GROUP PLAN: the Prayer Hall stands to the south, with the Cohanim Room to the north-east and the Mortuary and WC Range to the north-west. Immediately to the north of the Prayer Hall, and linked to it, is the 1929 Assembly Hall.
PLAN: the building has a rectangular footprint, set on a north-south axis, with a porch at either end; the main entrance is now through the Portico, with the southern porch providing access to the cemetery beyond.
EXTERIOR: the three-bay building has a pitched roof with projecting central dormers; the dormers are framed by inset colonnettes of Mansfield stone. The dormers and the southern gable each contain a rose window of coloured glass incorporating a Star of David. The other windows, to the west and east elevations, are grouped in triplets of trefoil-headed lancets, separated by offset buttresses; there are angle buttresses to the corners. The gabled porch to the south has side windows. The doorway has a pointed arch protected by a hoodmould, the arch supported by inset colonnettes, with foliate capitals; the opening retains its double doors. The entrance to the northern porch has been obscured by the portico extension. An octagonal stack, originally connected to a heating stove within the hall, rises from the gable to the north, supported on a corbel over an engaged colonnette.
INTERIOR: internally, the hall forms a single open space, below a hammerbeam roof, ceiled with diagonally-set matchboarding; the trusses rest on engaged columns with stiff-leaf capitals. The windows are set in segmental-arched embrasures with bead-moulding. To either side of the doors are shallow pointed-arched niches; those to the south hold timber prayer boards dating from the 1950s. Beneath are a number of memorial panels in metal. Along the west and east sides of the hall is simple bench seating with matchboarded uprights.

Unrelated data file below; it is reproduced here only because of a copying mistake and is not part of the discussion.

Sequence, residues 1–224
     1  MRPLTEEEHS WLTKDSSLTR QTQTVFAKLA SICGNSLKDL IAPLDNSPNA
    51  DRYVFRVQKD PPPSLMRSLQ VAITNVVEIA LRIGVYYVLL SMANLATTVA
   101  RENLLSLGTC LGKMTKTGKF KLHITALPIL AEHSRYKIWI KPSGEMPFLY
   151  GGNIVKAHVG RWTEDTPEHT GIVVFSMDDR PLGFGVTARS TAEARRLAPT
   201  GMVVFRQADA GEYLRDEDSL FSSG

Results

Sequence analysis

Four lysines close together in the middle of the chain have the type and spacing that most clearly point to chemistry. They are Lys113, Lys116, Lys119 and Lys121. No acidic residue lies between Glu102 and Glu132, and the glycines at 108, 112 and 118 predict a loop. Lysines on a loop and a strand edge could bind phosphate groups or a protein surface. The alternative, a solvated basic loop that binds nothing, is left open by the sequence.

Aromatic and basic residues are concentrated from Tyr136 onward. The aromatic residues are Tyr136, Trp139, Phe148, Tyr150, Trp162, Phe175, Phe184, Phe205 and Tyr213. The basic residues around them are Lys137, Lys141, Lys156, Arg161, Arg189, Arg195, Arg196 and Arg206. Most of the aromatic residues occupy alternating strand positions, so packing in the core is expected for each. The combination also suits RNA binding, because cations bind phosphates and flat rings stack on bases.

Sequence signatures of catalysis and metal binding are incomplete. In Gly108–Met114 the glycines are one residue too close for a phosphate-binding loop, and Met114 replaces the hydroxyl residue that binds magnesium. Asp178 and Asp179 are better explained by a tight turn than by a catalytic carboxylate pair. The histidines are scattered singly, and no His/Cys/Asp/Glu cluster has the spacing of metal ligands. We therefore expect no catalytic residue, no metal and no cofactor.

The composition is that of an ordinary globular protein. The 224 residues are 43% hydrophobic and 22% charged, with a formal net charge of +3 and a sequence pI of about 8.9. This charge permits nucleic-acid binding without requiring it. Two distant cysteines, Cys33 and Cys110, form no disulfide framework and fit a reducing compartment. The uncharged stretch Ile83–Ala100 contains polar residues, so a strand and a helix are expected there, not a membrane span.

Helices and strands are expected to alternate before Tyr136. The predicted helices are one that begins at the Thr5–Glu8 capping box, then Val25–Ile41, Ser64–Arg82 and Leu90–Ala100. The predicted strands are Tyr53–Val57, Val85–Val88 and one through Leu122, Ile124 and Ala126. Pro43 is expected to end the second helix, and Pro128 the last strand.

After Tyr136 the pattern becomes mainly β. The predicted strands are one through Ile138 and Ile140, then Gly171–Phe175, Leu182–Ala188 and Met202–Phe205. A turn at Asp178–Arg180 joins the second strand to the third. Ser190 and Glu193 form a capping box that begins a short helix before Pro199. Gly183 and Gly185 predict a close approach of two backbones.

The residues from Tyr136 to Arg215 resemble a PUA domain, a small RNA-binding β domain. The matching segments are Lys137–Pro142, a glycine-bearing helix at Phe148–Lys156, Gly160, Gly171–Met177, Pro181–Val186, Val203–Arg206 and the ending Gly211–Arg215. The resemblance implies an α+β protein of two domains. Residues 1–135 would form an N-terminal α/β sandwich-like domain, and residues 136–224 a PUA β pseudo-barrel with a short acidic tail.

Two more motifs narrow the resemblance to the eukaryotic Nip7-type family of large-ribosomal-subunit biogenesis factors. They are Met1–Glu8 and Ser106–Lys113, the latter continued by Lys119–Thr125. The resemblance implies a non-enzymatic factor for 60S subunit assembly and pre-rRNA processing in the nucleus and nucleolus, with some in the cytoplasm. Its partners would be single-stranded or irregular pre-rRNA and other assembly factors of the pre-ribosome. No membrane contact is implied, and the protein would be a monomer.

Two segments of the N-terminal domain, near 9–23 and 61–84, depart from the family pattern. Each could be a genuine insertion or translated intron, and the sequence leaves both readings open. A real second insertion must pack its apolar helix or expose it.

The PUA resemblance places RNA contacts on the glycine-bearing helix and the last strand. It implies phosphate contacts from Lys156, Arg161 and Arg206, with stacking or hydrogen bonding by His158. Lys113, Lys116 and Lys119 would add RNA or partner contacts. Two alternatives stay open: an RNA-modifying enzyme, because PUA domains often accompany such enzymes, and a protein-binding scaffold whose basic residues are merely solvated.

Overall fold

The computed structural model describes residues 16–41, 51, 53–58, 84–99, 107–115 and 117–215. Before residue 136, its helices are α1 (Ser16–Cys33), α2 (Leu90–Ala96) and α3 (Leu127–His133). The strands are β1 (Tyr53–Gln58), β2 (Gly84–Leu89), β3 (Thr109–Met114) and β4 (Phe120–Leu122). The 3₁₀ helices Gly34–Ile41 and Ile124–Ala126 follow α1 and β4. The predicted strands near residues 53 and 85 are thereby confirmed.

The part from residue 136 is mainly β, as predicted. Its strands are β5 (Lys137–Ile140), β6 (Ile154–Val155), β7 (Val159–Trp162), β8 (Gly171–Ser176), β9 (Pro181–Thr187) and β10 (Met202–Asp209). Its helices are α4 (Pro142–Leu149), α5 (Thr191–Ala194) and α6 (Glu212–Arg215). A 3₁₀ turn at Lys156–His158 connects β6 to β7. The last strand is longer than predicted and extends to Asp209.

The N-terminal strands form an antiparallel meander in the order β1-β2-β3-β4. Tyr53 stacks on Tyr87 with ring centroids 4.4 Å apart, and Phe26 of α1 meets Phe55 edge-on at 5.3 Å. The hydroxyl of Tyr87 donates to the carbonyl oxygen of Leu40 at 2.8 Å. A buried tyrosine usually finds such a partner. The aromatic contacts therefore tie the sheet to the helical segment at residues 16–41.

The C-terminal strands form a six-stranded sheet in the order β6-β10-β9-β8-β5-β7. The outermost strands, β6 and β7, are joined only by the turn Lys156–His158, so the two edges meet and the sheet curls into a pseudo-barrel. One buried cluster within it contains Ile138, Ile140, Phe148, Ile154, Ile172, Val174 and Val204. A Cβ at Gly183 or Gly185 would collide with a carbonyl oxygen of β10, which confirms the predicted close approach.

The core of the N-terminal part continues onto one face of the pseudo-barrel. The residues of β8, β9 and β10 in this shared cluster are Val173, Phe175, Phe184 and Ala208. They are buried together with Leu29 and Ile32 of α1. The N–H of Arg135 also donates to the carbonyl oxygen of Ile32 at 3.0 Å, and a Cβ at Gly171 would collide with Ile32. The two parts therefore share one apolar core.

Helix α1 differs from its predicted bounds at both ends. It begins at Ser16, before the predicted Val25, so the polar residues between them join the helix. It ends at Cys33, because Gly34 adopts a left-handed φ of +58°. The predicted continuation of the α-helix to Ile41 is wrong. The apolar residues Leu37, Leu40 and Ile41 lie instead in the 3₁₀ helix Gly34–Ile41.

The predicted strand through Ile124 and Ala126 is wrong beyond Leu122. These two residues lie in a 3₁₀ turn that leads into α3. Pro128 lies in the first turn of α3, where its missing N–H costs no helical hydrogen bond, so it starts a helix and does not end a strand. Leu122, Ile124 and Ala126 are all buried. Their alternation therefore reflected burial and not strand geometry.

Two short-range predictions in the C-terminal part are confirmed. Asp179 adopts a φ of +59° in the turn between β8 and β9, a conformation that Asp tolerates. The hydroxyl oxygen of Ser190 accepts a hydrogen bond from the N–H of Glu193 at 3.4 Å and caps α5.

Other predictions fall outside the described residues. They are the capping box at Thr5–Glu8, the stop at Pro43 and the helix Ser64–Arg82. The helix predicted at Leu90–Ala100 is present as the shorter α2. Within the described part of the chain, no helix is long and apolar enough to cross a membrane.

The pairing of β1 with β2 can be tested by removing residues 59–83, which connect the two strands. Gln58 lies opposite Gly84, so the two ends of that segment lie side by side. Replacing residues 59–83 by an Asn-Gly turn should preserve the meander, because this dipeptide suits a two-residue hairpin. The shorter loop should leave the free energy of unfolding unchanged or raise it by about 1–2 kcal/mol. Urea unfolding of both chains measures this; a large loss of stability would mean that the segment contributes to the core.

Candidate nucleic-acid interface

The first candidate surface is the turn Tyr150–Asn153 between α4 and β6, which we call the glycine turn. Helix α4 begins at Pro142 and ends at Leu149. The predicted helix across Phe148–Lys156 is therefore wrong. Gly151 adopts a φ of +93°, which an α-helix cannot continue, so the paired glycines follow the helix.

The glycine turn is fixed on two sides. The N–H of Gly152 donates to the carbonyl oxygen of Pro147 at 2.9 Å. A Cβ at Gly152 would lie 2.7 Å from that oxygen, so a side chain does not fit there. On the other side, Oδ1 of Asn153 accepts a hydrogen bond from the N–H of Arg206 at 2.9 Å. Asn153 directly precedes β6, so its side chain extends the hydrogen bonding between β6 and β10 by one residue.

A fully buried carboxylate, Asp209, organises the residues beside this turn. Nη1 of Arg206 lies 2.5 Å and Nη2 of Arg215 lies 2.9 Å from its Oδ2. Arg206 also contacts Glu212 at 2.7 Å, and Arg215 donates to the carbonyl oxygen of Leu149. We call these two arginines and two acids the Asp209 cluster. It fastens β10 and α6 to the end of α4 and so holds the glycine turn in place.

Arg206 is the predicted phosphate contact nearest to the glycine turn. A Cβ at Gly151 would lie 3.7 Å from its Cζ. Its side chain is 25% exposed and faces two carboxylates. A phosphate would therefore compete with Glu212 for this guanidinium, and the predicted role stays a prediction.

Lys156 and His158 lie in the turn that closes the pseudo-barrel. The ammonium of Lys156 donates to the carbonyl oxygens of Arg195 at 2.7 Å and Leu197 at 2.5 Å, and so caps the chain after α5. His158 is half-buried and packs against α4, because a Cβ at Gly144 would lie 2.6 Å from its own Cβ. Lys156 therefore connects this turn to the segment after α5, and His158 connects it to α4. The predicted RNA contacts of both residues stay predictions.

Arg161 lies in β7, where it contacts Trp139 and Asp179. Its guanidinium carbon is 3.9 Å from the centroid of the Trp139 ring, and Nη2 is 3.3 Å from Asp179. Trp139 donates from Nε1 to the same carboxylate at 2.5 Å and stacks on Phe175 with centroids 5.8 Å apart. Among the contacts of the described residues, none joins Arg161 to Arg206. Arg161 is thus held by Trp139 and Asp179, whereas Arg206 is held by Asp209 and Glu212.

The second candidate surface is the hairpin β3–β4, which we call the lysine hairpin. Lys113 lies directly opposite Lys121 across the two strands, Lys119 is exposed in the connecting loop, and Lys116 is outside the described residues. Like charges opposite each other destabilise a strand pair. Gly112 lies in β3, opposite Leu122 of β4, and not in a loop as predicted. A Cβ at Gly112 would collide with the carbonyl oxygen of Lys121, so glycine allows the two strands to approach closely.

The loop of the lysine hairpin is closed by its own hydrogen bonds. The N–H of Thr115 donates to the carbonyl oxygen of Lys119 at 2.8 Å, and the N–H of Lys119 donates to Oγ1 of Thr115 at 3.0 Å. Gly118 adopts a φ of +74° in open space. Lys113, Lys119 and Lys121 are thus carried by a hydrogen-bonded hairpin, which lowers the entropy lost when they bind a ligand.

PLAN: the rectangular footprint is set on a west/east axis. Entered from the north, the Assembly Hall gives access to the Prayer Hall to the south via a covered way.
EXTERIOR: the details of the Assembly Hall were designed to fit harmoniously with those of the existing buildings, though the roof is sprocketed, with wide eaves, rather than pitched; this and the timber colonnade to the north, entrance, elevation give the building a slightly Arts and Crafts flavour. Chamfered, square-section columns rest on the plinth to either side of the entrance opening; the spaces have been filled by diamond-leaded glazed screens, which can be opened completely. To either side the stone walls are pierced by paired pointed-arched windows. To the east elevation is a pointed-arched doorway. On the south elevation, paired windows reflect those on the north elevation. Between these, the covered way meets the northern porch of the prayer hall; the columns here have also been infilled with double doors and lancet glazing.
INTERIOR: the open, stone-flagged interior is very simple, with bench seating against the south wall. The arched doorway leading to the prayer hall is framed by engaged colonnettes. On the east wall is a Boer War memorial moved here in 1960 from the closed synagogue at Aldershot; this is a replica of the 1905 memorial at the Central Synagogue in Great Portland Street, lost to bombing in the Second World War. There is a First World War memorial, commemorating members of the United Synagogue and their sons, to the west wall.